LREF Cricket Cup
Thursday 13 June
16:00 - 20:30
HAC Cricket Club
LREF is proud to announce the inaugural 2019 LREF Cricket Cup - bringing the property industry together to work towards ending youth homelessness.
Entries are now open for players to join the LREF charity cricket match, which will take place in the grounds of the Honourable Artillery Company Cricket Club on the final afternoon of this year’s London Real Estate Forum, Thursday 13 June.
Two mixed teams will compete in a limited overs match for the LREF Cricket Cup.
Entries are open to players of all abilities by entering our ballot for places no later than 10 May.
Upon confirmation of entry, a fee of £300 for each player will be collected to go directly in support of LandAid and The Mayor of Islington’s chosen charity. All players will receive a complimentary one-day pass for Thursday 13 June (worth £495+VAT).
For more information, please contact email@example.com.
LREF Cricket Cup co-captains
In the era before Shane Warne when spin bowling was on its uppers, John Emburey was perhaps the best offspinner in the world, which did not say much. He was tall with a classically looping action, and capable of getting huge amounts of bounce and away-drift. But his qualities were submerged amid the grim battles slow bowlers faced in the 1980s: uncongenial pitches and one-day cricket, which forced him to become primarily negative and defensive. He improvised more in his batting, in which he managed to score runs while infuriating bowlers by ignoring both footwork and backlift.
Always a willing talker and theorist, he was an excellent senior pro and a promising coach (though he was fired by Northamptonshire before returning home to Middlesex). Over-promoted to England captain for two Tests amid general chaos in 1988, he was fired as capriciously as he was appointed. Emburey was the only cricketer to go on both (1981-82 and 1989-90) England rebel tours to South Africa, and was instantly forgiven both times, which says much about attitudes at Lord's but something about the general esteem for his qualities.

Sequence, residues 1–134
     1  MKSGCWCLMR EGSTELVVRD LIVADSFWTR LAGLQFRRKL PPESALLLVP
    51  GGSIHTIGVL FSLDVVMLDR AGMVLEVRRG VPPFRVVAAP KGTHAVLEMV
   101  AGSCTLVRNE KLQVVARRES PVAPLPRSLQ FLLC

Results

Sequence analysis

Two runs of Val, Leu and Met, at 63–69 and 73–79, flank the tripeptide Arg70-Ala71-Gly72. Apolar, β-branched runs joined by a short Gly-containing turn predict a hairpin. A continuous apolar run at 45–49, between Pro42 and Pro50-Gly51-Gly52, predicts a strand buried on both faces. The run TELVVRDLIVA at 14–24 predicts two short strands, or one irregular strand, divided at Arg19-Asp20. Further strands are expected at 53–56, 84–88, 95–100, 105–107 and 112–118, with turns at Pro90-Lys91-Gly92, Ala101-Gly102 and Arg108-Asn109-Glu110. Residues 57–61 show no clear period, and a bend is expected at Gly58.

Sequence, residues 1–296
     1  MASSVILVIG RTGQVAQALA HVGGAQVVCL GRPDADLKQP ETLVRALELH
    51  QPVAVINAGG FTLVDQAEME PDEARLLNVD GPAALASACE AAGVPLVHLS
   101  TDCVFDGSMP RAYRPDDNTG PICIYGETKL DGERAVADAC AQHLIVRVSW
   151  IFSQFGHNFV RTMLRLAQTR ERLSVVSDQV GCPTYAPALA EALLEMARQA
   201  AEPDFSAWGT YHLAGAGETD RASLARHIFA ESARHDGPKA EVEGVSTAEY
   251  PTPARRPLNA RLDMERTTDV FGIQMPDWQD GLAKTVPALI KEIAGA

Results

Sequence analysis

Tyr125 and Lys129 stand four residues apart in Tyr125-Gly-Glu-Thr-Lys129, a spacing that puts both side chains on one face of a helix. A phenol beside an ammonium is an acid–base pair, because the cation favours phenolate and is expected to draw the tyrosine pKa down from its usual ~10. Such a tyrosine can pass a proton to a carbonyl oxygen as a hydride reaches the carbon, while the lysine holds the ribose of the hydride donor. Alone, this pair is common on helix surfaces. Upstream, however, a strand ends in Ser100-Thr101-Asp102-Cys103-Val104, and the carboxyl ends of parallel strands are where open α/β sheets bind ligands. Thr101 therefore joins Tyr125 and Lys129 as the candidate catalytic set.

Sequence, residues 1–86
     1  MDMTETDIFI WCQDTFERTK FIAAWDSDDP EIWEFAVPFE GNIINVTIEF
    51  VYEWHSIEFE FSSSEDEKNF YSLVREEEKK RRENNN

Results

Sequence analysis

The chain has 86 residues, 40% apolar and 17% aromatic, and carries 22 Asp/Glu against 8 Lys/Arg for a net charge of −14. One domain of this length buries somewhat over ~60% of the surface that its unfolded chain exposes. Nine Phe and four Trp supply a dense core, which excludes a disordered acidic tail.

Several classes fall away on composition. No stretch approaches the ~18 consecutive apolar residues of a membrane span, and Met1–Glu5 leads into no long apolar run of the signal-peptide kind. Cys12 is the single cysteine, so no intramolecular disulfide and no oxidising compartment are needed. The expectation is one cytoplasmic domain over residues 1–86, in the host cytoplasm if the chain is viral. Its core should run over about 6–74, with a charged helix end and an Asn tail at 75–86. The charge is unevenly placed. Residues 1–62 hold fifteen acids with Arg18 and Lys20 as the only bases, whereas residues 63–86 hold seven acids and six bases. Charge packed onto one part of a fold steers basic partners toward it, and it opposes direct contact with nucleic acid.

One of the most improbable-looking of all Test cricketers, Gladstone Small had his moment of glory to help England retain the Ashes in 1986-87. Small, a last-minute replacement, stunned a Boxing Day crowd of 58,000 at the MCG by splitting Australia's first innings wickets with Ian Botham. Small took 5 for 48 and Australia were rolled over for 141. When England won, Small was named Man of the Match, as much for his enthusiasm as anything: he was always a whole-hearted tryer, a committed team man and a delightful guy. Australia's discomfiture was increased by Small's strange build: seemingly without a neck, he walked around as though he still had a coat-hanger inside his jacket.
He came to England from Barbados just after his 14th birthday, the cut-off date for automatic qualification. However, the combination of his looks and his then-pair of nerdish specs made the Lord's registration committee think he had no chance of ever playing Test cricket anyway, so they let him through. In good times, Small might not have played for England; he was neither especially fast nor reliable, and early in his career was an infuriatingly regular no-baller. But he cut his run right down and settled for being predominately an outswing bowler, still hostile enough to worry even the best batsmen, as Australia found again a week after the MCG, when he whipped through the middle order in Sydney. Like most players of that era, he then drifted in and out of the England side but took eight wickets in the defeat at Bridgetown in 1989-90 and was still a key figure for Warwickshire in their all-conquering year of 1994.